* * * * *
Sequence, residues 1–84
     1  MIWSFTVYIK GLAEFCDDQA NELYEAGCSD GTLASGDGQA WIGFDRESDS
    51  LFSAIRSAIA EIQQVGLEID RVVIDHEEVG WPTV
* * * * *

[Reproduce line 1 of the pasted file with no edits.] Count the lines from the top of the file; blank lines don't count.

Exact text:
Sequence, residues 1–84